I have spent hours thinking about and going over materials on the topic of toys, how to choose a toy, why we choose specific materials and how to stay within a realistic budget. There is so much information and so this will be a three-part series as well as my first official blog post.
Giving children real materials to engage with is so important. Ever notice when you give a baby a set of plastic keys they are quickly rejected? Or why your child would much rather drink out of your glass than their plastic sippy cup. Children are incredibly intuitive; they know when they are being disrespected. That is what is comes down to when I explain this concept to my clients. R-E-S-P-E-C-T! Ha! Respect for children is a deep subject and one for another day. I will say that I think that if we are to raise respectful people, we must model respect to them from an early age.
I believe it is disrespectful to expect our children to engage in items that clearly do not relate to the real world. Our “play things”(as they see them) are made with real materials. Wood, metal, and glass! And while I wouldn’t encourage allowing a baby to play with glass there is plenty of space for compromise so that our children can play safely while also feeling their play is respected. When choosing playthings, I always ask myself the following Waldorf inspired
questions:

Is it Beautiful?


Sight is incredibly important. A space that looks beautiful is a space people want to spend time in. When choosing Beautiful, handcrafted toys we are introducing life and love into a child’s space. In my experience when I walk into a room that is beautiful, I feel a sense of wonder. Much like a child I am more likely to engage in my surroundings, ask questions, and even play with the items that catch my eye. Children are even more sensitive to this inquisitive, almost primal, feeling. Choose toys that are beautiful to behold, they will call the children to play. Not to mention, an aesthetic playroom is any caregivers dream, am I right?

Does it feel good?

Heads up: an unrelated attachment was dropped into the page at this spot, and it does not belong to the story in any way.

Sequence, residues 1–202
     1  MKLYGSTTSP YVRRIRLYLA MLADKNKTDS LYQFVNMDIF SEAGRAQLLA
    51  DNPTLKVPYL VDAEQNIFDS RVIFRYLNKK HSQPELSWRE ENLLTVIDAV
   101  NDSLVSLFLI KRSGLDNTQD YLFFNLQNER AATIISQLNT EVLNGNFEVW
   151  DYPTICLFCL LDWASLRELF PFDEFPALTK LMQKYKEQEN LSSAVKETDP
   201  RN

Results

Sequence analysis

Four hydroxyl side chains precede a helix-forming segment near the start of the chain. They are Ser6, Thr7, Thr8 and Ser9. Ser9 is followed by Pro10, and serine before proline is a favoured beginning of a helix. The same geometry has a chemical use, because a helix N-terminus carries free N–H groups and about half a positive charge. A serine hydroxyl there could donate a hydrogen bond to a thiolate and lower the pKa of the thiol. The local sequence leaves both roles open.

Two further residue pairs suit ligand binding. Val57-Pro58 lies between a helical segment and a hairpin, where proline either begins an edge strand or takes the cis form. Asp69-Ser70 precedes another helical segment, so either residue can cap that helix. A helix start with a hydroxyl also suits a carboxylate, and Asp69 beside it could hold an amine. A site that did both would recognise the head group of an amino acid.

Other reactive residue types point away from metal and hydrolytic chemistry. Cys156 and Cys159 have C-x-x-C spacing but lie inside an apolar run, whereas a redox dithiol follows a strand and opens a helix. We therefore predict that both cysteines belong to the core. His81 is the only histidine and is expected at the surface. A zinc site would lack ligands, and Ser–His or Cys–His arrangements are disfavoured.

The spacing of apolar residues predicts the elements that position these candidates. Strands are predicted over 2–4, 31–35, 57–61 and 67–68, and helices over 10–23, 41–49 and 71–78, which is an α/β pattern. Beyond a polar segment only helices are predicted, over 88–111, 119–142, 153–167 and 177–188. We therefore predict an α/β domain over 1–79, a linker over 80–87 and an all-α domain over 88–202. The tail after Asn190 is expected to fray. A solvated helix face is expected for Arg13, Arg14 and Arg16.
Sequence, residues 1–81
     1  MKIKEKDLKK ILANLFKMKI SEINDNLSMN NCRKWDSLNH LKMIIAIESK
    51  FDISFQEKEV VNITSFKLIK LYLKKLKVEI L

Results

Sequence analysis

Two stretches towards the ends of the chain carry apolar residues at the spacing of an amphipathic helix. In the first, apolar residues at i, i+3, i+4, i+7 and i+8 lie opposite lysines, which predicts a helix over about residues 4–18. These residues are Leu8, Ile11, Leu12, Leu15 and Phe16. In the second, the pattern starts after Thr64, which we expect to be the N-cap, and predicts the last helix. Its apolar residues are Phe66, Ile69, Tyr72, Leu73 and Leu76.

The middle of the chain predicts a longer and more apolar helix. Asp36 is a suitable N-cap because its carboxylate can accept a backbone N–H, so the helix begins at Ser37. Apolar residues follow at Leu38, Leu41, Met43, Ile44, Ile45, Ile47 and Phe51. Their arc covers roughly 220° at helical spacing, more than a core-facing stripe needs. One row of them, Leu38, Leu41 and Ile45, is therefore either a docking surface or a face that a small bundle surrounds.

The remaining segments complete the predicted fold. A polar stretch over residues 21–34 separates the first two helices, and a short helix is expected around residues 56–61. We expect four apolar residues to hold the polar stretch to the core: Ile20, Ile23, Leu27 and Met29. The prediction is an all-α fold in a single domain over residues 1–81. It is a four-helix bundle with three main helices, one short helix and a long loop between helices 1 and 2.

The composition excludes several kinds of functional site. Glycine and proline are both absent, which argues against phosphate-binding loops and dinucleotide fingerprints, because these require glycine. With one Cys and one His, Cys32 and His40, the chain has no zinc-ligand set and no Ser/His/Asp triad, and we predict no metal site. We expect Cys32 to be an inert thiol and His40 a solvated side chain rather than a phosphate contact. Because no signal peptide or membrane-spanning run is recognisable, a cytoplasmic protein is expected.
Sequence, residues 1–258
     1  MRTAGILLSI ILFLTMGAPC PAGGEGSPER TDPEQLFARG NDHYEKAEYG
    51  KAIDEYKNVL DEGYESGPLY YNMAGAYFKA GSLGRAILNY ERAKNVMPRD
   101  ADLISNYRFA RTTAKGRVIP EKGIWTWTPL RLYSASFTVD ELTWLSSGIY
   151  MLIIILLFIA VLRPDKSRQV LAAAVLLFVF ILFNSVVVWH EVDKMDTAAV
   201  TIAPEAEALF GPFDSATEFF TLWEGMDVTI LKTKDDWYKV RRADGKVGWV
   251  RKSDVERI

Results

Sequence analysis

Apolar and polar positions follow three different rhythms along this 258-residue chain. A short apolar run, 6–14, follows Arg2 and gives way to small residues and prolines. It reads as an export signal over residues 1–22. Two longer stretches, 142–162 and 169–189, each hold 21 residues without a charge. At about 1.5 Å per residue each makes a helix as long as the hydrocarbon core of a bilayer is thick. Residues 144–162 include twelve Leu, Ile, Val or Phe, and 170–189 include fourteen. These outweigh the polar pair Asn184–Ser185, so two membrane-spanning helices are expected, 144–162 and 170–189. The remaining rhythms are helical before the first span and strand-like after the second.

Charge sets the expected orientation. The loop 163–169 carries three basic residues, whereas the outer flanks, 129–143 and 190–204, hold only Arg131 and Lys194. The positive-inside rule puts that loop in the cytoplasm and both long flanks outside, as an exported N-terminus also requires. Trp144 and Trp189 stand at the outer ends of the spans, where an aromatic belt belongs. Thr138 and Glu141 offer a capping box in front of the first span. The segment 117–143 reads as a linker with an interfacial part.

When choosing a new toy, touch them in the way a child might. Rubbing it on your cheek, feeling the weight and density and if you are feeling brave you can even put it in your mouth! We all know toys end up they at least a few times. Aside from the fact that not all materials are safe just because they are on the market; Would you rather have “false-fabrics,” as I like to call them, or cotton, linen, and silks? Would you prefer cheap hollow plastics or wood and metal?

Does it encourage creative play?


Toys that have more than two way of play are referred to as “open-ended” while toys that can only be played with one way are called “close-ended” When imagining your child play with said toy can you come up with at least three different ways the toy can be played with? I fine myself rejecting any toys that only have one use as well as toys that tell you how to play with them. Please don’t misunderstand, I think close-ended playthings have their time to shine in the play space. Puzzles, stringing beads, arts and crafts and mazes are all wonderful when working on attention and completion skills! Close-ended toys are meant for structured play. I recommend them to be kept separate from the children’s “yes space” unless they can play with and put them away on their own. Open-ended toys such as blocks, silks, dolls, and character toys (such as wooden figurines) are all wonderful items to have out. They can be played within hundreds of ways and should be displayed in a “ready to play” fashion all day long!

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